8. There is no credible evidence any portion of the funds invested in Tim’s U.S. were used or intended to be used for any other purpose other than to loan monies to Wendy’s on an interest free basis at the time of the investment in Tim’s U.S. shares. Notwithstanding the Appellant pointing to the Director’s Resolution of the Appellant dated March 8, 2002 that monies be used to purchase the shares in Tim’s U.S. were expected was to be used to repay debt by Tim’s U.S. and fund future capital expenditures, thus supporting an argument the purpose of the funds was to create wealth through the accumulation of capital for the subsidiary and thus indirectly for it, it is clear no repayment of debt was made and no direct capital expenditures were made as all the funds were lent to Wendy’s. In fact, the Resolution of the Board of Directors of Tim’s U.S. dated the same date as the Appellant’s Director’s Resolution refers to a current indebtedness of the subsidiary to Wendy’s of $50,000 and authorizes the company, “upon receipt of the aforesaid capital contribution” to repay accounts payable to Wendy’s up to the amount of the capital contribution and to lend any remaining amounts to Wendy’s at such interest rate (including without interest). The capital contribution far exceeded the amount of the stated indebtedness to Wendy’s yet none was paid. No mention is even made of a capital expenditure. Interesting enough, the CEO of the Appellant, P.H. was a director of Tim’s U.S. and attended both meetings as did a few other directors or invitees of both meetings. Notwithstanding both companies being represented by many of the same people at meetings held at the same day and time, no funds were used to pay any indebtedness of Tim’s U.S. to Wendy’s nor used for capital expenditures. The only logical conclusion I can draw from this is that all the members of the group intended and were aware all the money was going back to Wendy’s.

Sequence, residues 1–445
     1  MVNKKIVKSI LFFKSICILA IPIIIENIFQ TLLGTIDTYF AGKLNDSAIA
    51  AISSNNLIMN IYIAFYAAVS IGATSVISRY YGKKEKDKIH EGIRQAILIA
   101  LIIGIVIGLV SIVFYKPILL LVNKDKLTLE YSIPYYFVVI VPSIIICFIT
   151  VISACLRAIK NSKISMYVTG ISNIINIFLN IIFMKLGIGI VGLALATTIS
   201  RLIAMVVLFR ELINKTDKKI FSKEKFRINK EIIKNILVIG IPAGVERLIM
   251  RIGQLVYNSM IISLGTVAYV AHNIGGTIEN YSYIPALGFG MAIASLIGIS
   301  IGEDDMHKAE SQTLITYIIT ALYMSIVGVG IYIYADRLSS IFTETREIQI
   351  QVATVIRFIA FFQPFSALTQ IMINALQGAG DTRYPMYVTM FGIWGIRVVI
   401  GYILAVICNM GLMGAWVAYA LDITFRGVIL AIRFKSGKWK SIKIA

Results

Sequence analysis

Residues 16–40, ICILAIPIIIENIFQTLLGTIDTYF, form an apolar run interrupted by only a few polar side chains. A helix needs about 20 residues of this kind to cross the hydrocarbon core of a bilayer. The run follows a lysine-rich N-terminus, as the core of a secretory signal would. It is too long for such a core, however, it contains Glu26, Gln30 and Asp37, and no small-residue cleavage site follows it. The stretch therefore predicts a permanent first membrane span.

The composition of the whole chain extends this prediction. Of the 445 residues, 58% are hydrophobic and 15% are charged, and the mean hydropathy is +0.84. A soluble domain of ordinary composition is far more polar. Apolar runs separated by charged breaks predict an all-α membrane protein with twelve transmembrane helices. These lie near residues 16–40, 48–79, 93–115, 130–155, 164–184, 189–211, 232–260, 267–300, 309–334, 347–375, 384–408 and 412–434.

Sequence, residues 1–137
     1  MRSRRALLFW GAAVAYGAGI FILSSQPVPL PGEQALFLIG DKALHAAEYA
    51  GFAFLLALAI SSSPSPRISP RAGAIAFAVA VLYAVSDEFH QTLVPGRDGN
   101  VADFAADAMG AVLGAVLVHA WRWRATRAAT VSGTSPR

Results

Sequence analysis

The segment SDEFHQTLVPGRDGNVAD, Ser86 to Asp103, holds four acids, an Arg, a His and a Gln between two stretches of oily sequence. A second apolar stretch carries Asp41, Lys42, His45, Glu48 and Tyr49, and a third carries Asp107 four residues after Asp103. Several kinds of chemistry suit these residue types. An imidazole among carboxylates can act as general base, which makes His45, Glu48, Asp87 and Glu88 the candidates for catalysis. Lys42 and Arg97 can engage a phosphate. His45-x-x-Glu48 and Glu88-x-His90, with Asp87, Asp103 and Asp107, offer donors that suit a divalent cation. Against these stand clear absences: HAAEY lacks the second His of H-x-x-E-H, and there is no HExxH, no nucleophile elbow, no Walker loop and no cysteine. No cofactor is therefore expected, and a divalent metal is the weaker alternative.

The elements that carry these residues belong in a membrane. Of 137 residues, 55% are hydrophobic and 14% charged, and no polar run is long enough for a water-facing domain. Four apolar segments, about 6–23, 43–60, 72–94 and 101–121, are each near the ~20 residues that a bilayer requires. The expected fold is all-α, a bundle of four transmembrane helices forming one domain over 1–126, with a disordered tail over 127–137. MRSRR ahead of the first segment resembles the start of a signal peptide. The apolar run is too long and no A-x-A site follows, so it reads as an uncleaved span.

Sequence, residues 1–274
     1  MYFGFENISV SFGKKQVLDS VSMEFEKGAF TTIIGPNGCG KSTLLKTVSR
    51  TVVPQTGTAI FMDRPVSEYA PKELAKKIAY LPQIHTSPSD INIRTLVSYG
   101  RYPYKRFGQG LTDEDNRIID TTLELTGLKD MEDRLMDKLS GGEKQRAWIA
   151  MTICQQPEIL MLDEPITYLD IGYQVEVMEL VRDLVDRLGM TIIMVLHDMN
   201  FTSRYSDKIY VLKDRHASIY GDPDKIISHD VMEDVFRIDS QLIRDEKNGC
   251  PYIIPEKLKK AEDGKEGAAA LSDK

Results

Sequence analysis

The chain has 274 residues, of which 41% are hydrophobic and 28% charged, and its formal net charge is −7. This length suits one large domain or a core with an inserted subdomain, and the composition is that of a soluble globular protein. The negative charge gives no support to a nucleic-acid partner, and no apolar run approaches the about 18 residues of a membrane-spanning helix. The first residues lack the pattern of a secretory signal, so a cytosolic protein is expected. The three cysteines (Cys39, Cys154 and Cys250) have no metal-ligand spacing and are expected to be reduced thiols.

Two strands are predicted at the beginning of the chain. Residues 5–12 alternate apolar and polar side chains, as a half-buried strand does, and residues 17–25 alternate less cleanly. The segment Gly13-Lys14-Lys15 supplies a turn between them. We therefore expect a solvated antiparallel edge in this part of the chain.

The Court rejected the appellant’s “exception circumstances” argument:

It also follows that such structure cannot support any special circumstances exception that would warrant the granting of interest deductibility within the meaning the Appellant alleges was created in Bronfman Trust. In fact, I do not take Bronfman Trust to create an exceptional circumstances test that allows deductibility of interest where the court looks at an ineligible indirect use of the funds and grants a deduction of interest in special circumstances as it is clear to me Dickson C.J. was actually referring to looking at the indirect use of funds as part of focusing on the “purpose” test, not the “use” test.

In the result the Court found that the evidence of purpose was clear and unambiguous and dismissed the appeal, with costs:

[32] In analyzing all the evidence pertaining to the circumstances of this case, I simply cannot find that the Appellant had any reasonable expectation of earning non-exempt income of any kind, directly or indirectly, at the time of its purchase of additional shares in Tim’s U.S. on or about March 26, 2002.The evidence clearly and unambiguously only points to the sole purpose of the borrowed funds as being to facilitate an interest free loan to Wendy’s while creating an interest deduction for the Appellant. Accordingly, there is no need for me to consider the Respondent’s other argument that the interest in question would not be reasonable under the provision in issue.

[33] The appeal is dismissed with costs to the Respondent. If either party is not satisfied with this cost order, they may make submissions as to costs within 45 days for my consideration.

Comment: Interest deductibility cases are notoriously difficult to assess. It is clear however that this is a robust decision with a detailed analysis of the underlying facts as well as a thorough analysis of the salient jurisprudence on the deduction of interest. TDL may have some hope on an appeal, possibly by asking the Federal Court of Appeal to consider the original interest free loan to Wendy’s and the subsequent interest bearing loan (where CRA allowed a deduction) as part of one transaction. It is not clear from the decision however whether the record would support that approach.